Froma Harrop

President Trump offered few words about health care in his State of the Union address. He did mention drug prices, though.

"One of my greatest priorities is to reduce the price of prescription drugs," he said. "In many other countries, these drugs cost far less than what we pay in the United States. ... That is why I have directed my administration to make fixing the injustice of high drug prices one of my top priorities."

Which is an interesting thing for Trump to say, given that he has just made Alex Azar, a top executive at drugmaker Eli Lilly, head of Health and Human Services. Lilly tripled the price of insulin during Azar's tenure there. Suffice it to say, the one injustice Eli Lilly does not want to fix is high drug prices.

There was a bigger story going on, and it was not unrelated. Amazon, Berkshire Hathaway and JPMorgan Chase announced that they are putting their heads together to create a health care plan for their 1.1 million U.S. employees. Sounds like leverage to me. Eight states have fewer people.

During the presidential campaign, Trump vowed that if elected, he would have Medicare negotiate more favorable drug prices with the manufacturers. Since he took office, that pledge has not seen the light of day.

Washington was never good at standing up to the medical-industrial complex. There's too much money to be made in standing down. And a separation between the public's wallet and Big Pharma's desire to extract huge profits is surely one wall Trump will never build.

But the medical industry does not own Amazon, the world's largest internet company, or Berkshire Hathaway, the conglomerate Fortune ranks as America's third-most profitable company, or JPMorgan Chase, America's biggest bank.

The fine details have yet to be revealed, but the stated plan is to create a company that would be free from profit-making incentives. That's not great news for profit-oriented suppliers. The stocks of UnitedHealth Group, Aetna and CVS -- which plans to buy Aetna -- all took a beating after the announcement.

The partners say they will use technology to simplify the delivery of health care. And they insist the new system will improve the services available to employees.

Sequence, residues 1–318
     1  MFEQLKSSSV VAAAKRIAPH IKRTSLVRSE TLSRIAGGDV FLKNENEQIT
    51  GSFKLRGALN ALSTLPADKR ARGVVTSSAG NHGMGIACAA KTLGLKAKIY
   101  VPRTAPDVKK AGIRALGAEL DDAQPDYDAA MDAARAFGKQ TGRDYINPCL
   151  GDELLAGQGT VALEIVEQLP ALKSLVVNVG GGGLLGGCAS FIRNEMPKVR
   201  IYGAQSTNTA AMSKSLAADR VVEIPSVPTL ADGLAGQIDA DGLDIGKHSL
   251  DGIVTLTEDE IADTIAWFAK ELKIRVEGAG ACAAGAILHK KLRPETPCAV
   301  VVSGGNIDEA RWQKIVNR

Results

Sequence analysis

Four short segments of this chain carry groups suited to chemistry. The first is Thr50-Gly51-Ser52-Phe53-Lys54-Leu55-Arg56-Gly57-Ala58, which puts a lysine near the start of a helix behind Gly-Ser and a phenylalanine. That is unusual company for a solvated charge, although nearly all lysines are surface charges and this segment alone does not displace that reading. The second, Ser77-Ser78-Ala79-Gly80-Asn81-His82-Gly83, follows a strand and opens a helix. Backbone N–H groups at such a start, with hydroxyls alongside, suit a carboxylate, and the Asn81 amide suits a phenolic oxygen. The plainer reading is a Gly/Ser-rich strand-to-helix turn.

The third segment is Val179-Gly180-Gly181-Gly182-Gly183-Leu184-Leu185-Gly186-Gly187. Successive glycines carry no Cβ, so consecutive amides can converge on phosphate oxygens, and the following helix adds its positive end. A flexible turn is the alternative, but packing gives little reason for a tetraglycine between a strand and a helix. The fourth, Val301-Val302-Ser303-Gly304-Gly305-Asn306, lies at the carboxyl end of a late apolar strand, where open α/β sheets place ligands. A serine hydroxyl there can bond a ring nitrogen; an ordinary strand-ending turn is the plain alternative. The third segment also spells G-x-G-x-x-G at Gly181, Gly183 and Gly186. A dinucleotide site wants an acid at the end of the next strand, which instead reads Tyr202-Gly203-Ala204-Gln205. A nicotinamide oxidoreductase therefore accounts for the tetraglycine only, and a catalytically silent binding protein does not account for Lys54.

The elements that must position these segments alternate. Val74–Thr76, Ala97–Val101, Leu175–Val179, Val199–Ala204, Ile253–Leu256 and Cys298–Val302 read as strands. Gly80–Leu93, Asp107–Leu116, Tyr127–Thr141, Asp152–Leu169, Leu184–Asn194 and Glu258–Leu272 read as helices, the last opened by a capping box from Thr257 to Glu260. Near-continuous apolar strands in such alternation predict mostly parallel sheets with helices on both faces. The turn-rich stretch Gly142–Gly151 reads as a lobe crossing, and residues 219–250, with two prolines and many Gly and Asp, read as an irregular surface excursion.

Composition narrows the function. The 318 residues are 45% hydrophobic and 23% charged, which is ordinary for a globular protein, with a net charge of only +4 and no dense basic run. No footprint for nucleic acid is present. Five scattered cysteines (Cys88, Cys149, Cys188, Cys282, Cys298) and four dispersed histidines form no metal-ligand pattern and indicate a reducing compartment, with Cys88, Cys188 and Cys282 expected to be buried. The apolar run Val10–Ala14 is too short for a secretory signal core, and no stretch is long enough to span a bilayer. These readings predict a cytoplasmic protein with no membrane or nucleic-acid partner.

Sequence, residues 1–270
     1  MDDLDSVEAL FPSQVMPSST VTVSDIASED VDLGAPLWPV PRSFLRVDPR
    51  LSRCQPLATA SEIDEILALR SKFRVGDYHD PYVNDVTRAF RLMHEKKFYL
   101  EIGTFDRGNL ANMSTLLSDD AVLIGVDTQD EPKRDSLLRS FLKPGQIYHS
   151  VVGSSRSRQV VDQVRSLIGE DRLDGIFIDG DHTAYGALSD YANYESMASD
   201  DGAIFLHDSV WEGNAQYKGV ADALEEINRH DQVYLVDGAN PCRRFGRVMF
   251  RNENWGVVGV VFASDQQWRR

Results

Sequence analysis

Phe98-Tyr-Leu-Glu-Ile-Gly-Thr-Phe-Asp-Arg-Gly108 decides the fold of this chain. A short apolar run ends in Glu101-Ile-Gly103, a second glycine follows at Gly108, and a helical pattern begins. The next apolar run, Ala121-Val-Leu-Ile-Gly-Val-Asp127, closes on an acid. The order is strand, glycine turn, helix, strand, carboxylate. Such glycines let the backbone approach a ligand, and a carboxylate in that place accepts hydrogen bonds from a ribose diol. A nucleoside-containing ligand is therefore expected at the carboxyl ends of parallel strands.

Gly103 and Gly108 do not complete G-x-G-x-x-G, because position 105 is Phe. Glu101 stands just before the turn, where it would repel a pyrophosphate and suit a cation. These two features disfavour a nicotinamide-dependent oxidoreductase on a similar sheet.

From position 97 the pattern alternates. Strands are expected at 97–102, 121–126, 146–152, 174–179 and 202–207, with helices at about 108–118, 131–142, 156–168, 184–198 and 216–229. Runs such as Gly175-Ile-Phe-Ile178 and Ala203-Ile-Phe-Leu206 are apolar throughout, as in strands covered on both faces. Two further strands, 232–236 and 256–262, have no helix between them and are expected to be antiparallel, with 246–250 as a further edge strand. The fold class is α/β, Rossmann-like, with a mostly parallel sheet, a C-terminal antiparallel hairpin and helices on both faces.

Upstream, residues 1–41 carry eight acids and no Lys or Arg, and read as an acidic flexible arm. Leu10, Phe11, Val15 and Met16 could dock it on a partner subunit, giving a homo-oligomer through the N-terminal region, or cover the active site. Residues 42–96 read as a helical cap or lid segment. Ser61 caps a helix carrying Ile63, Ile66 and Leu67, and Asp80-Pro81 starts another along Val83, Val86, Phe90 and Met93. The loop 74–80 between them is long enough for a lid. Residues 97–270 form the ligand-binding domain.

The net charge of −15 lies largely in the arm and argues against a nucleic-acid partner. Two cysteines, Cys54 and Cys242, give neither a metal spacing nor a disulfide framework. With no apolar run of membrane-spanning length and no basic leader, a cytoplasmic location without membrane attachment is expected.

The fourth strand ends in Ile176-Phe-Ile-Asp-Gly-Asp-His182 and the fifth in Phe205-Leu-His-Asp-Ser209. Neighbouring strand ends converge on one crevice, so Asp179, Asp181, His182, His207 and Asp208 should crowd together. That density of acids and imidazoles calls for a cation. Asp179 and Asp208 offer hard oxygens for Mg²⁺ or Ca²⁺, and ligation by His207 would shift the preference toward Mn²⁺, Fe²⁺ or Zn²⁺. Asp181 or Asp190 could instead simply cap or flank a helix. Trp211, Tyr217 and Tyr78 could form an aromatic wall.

The beauty of this corporate trio's gambit is they are bypassing the politicians. Their aim is to "disrupt" the forces that saddle them with exorbitant prices.

"The ballooning costs of health care act as a hungry tapeworm on the American economy," Warren Buffett, Berkshire's fabled CEO, stated with trademark simplicity.

Wonder what they're going to do about drug prices. The drug Humira offers a window into the challenges.

According to the ads, Humira enables a woman hurting from rheumatoid arthritis to chase her puppy all over the house. ("Ask your doctor about Humira.") In 2012, Humira cost a ridiculous $19,000 a year. Its maker, AbbVie, recently raised the price to a piratical $38,000.

The bottom line is that the U.S. spends nearly twice as much on health care as a percentage of the economy as do other industrialized countries -- while its people use about the same amount of health care. Corporate America has long objected to what this costly health care is doing to (SET ITAL) its (END ITAL) bottom line.

So bringing down the prices is the big game in taming total health care spending. No one says this will be easy, and doubters point to past failed corporate efforts. But these are three giants who don't scare easily. Amazon has already shown interest in selling pharmaceuticals.

Since Washington won't do much about the prices for health care, let's see what Amazon, Berkshire and JPMorgan come up with. Go forth and disrupt, we say.

2
0
0
0
0